19
Oct
09

A Church that Connects

  PDF Print E-mail
We’re in a “good-news-bad-news” period here at Stones River.  The good news is that many things are happening.  The bad news is that many of them require changing and we all resist change. The weekend you get this newsletter will mark a time of change—we will have two Sunday morning worship periods.  For some that is no sweat (those generally are more recent arrivals to this church family).  Just yesterday, someone commented, “I don’t see why it’s any big deal.  I attended a church that had seven worship periods each weekend.”  You’ve got to be careful allowing new people into your fellowship, they’ll surely see things differently (please note that my tongue is firmly planted in my cheek)!

For others that is a radical transition.  They fear we are at risk of losing our family feel.  Two hundred people is about all you can realistically keep some sense of familiarity with, so to have more than that number is to get beyond my human capacities to stay connected with personally.

How do you continue to feel connected?  What do you do if several of your closest friends choose to go to the “other” service?  That’s where small groups and mid-sized groups become very important.  Get involved in a small group where you can be honest and more transparent, and you won’t have to worry about feeling like a stranger in a big crowd.  As you look around you will see others who know you deeply and love you.  They will be your connecting points, regardless of how big the church becomes.  Mid-sized groups like Sunday School classes will also help you to be familiar with more people at a different, but important level.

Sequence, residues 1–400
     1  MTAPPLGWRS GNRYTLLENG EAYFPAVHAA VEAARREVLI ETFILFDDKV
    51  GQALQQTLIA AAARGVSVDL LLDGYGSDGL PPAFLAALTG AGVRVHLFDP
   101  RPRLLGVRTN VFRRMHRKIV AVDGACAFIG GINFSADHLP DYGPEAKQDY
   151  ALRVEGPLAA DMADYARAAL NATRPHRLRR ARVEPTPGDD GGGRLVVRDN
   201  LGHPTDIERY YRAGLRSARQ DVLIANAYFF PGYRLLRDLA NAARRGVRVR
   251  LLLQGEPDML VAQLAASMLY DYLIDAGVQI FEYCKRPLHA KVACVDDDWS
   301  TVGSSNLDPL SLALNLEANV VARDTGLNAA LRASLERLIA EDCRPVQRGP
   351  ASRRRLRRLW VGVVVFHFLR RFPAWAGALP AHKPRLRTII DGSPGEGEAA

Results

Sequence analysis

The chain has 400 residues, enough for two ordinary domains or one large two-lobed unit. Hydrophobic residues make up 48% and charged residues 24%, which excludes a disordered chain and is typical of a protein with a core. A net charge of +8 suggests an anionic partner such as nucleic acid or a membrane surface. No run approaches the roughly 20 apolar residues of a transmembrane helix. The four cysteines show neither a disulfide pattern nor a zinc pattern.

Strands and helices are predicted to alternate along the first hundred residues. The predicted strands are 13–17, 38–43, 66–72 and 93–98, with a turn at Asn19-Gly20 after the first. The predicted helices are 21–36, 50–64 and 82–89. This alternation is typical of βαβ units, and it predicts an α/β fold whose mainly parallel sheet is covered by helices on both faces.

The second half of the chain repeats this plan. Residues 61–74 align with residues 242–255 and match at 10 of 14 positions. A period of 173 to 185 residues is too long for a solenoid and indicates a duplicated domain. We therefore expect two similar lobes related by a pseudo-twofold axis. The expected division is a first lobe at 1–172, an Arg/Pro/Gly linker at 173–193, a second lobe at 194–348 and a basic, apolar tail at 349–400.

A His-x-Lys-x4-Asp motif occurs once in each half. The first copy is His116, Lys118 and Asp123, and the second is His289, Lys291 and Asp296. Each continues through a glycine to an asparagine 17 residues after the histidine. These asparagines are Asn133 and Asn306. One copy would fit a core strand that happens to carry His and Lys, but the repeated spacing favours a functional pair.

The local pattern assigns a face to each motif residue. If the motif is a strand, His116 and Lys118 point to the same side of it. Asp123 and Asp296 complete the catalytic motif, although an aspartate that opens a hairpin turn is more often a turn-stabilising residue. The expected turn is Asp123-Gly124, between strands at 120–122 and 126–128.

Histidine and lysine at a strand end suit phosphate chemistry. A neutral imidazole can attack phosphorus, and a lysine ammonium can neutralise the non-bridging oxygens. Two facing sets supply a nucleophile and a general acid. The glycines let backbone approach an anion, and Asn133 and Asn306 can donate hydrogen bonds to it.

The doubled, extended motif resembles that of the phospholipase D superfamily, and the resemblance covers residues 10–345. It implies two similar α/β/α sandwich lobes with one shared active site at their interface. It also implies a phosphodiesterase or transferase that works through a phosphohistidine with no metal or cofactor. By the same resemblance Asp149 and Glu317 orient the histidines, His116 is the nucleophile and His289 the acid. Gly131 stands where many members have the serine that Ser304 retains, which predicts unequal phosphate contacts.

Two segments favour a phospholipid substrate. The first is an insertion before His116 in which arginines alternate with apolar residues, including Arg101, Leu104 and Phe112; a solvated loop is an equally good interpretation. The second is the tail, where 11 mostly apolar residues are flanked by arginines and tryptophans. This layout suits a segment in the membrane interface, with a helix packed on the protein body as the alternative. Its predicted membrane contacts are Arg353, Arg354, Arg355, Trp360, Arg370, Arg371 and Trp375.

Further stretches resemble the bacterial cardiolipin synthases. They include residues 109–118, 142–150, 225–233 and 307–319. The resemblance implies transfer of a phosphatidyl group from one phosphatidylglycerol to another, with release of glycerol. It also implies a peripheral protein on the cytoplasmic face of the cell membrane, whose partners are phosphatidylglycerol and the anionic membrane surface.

Stones River has been attempting to be a church that connects for several years.  At times that has gone well and been rather smooth.  On other occasions it has been fitful and difficult.  Attempting to hold on to the God revealed in scriptures and to connect with the twenty-first century world does not come naturally, so if everything came off painlessly the likelihood is great that we would not be truly successful.  Please pray we help people connect with their Creator.  He wants that so much Jesus died on the cross to connect us.

John Kenneth King

Advertisements

0 Responses to “A Church that Connects”



  1. Leave a Comment

Leave a Reply

Fill in your details below or click an icon to log in:

WordPress.com Logo

You are commenting using your WordPress.com account. Log Out / Change )

Twitter picture

You are commenting using your Twitter account. Log Out / Change )

Facebook photo

You are commenting using your Facebook account. Log Out / Change )

Google+ photo

You are commenting using your Google+ account. Log Out / Change )

Connecting to %s


Enter your email address to subscribe to this blog and receive notifications of new posts by email.

Join 2,073 other followers

Twitter Updates


%d bloggers like this: